Description: Taxonomic models of emotional abilities have focused on receptive facets. Latent variable modeling of facial emotion expression as an ability construct has been neglected so far. We developed a task battery including multiple methods for assessing the ability to display six main emotions, anger, fear, sadness, surprise, disgust, and happiness. Video recordings of the emotion displays were analyzed for 245 participants. Following automatic expression coding, elaborate scoring and systematic model testing we established a measurement model of productive emotional abilities. The structure that best described the observed data controlled for face plasticity and showed emotion-specific factors that are nested under a general expressivity factor. Individual differences in Action Unit networks characterizing specific emotions will be considered. Structural models revealed a positive relationship of facial expressivity with receptive abilities and extraversion. Results will be discussed in the context of recent debates in emotion research and models of emotional abilities.
    Keywords: Psychology
    ISSN: 0191-8869
    E-ISSN: 1873-3549
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  • 7
    Language: English
    In: Personality and Individual Differences, October 2016, Vol.101, pp.509-509
    Description: To link to full-text access for this article, visit this link: http://dx.doi.org/10.1016/j.paid.2016.05.273 Byline: G. Recio, A. Hildebrandt, W. Sommer, O. Wilhelm
    Keywords: Psychology
    ISSN: 0191-8869
    E-ISSN: 1873-3549
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  • 8
    Language: English
    In: Personality and Individual Differences, October 2016, Vol.101, pp.487-487
    Description: To link to full-text access for this article, visit this link: http://dx.doi.org/10.1016/j.paid.2016.05.175 Byline: L. Kaltwasser, A. Hildebrandt, O. Wilhelm, W. Sommer
    Keywords: Psychology
    ISSN: 0191-8869
    E-ISSN: 1873-3549
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  • 9
    Language: English
    In: Clinical Psychology Review, 2010, Vol.30(6), pp.655-668
    Description: Serotonergic dysregulation is thought to underlie much of the pathology in bulimia nervosa (BN). The purpose of this review is to expand the serotonergic model by incorporating specific and nonspecific contributions of estrogens to the development and maintenance of bulimic pathology in order to guide research from molecular genetics to novel therapeutics for BN. Special emphasis is given to the organizing theory of general brain arousal which allows for integration of specific and nonspecific effects of these systems on behavioral endpoints such as binge eating or purging as well as arousal states such as fear, novelty seeking, or sex. Regulation of the serotonergic system by estrogens is explored, and genetic, epigenetic, and environmental estrogen effects on bulimic pathology and risk factors are discussed. Genetic and neuroscientific research support this two-system conceptualization of BN with both contributions to the developmental and maintenance of the disorder. Implications of an estrogenic–serotonergic model of BN are discussed as well as guidelines and suggestions for future research and novel therapeutic targets.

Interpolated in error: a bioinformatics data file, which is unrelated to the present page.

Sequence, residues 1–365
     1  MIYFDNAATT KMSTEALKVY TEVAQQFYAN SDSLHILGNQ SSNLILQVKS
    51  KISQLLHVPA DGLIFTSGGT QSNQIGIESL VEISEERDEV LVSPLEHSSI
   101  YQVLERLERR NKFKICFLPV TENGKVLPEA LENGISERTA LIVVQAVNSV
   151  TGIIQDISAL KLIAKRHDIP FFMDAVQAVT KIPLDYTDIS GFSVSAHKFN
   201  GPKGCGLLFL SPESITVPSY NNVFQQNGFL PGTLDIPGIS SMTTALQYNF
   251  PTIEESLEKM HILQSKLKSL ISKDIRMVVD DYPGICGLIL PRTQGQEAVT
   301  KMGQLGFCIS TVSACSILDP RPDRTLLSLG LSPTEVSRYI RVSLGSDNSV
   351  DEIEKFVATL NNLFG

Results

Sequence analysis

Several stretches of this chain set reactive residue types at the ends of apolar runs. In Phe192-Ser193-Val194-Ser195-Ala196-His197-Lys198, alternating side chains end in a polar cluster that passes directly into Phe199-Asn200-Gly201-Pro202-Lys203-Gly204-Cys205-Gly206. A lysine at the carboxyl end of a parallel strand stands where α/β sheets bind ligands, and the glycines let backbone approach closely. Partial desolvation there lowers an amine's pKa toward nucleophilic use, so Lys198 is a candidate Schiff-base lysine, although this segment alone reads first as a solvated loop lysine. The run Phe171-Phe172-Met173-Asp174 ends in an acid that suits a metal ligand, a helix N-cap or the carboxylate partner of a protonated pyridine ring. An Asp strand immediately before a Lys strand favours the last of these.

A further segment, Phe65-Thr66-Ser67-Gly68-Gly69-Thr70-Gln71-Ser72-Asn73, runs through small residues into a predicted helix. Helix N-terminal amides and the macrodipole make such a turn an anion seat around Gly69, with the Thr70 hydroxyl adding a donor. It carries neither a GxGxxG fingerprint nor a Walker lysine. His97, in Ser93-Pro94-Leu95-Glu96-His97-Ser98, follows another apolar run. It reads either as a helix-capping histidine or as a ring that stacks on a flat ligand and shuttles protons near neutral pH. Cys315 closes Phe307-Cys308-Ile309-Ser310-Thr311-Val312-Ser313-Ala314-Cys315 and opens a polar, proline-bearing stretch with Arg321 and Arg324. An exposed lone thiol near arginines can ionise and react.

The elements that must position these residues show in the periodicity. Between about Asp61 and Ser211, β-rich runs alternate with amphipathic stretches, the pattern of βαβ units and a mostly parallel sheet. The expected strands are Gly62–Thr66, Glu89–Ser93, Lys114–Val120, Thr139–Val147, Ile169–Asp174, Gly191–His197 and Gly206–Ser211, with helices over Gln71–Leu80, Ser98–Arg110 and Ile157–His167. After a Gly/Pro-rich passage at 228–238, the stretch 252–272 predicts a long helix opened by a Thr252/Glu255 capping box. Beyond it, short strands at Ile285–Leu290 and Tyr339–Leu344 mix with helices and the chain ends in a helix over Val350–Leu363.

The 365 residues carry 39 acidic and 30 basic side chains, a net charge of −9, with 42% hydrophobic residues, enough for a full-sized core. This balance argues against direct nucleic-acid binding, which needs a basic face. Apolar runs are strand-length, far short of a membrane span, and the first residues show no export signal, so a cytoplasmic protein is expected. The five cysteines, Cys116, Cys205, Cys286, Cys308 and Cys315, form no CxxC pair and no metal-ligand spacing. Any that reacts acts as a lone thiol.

Keywords: Bulimia Nervosa ; Estrogen ; Serotonin ; Brain Arousal ; Sex Hormones ; Epigenetics ; Psychology
    ISSN: 0272-7358
    E-ISSN: 1873-7811
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  • 10
    In: International Journal of Eating Disorders, December 2015, Vol.48(8), pp.1122-1131
    Description: OBJECTIVE: Impediments limit dissemination and implementation of evidence-based interventions (EBIs), including lack of sufficient training. One strategy to increase implementation of EBIs is the train-the-trainer (TTT) model. The Body Project is a peer-led body image program that reduces eating disorder (ED) risk factors. This study examined the effectiveness of a TTT model at reducing risk factors in Body Project participants. Specifically, this study examined whether a master trainer could train a novice trainer to train undergraduate peer leaders to administer the Body Project such that individuals who received the Body Project (i.e., participants) would evidence comparable outcomes to previous trials. We hypothesized that participants would evidence reductions in ED risk factors, with effect sizes similar to previous trials.METHOD: Utilizing a TTT model, a master trainer trained a novice trainer to train undergraduate peer leaders to administer the Body Project to undergraduate women. Undergraduate women aged 18 years or older who received the Body Project intervention participated in the trial and completed measures at baseline, post-treatment, and five-month follow-up. Primary outcomes included body dissatisfaction, thin ideal internalization, negative affect, and ED pathology.RESULTS: Participants demonstrated significant reductions in thin ideal internalization, ED pathology and body dissatisfaction at post-treatment and 5-month follow-up. At 5 months, using three different strategies for managing missing data, effect sizes were larger or comparable to earlier trials for 3 out of 4 variables.DISCUSSION: Results support a TTT model for Body Project implementation and the importance of utilizing sensitivity analyses for longitudinal datasets with missing data.
    Keywords: Dissemination ; Prevention ; Train‐The‐Trainer
    ISSN: 0276-3478
    E-ISSN: 1098-108X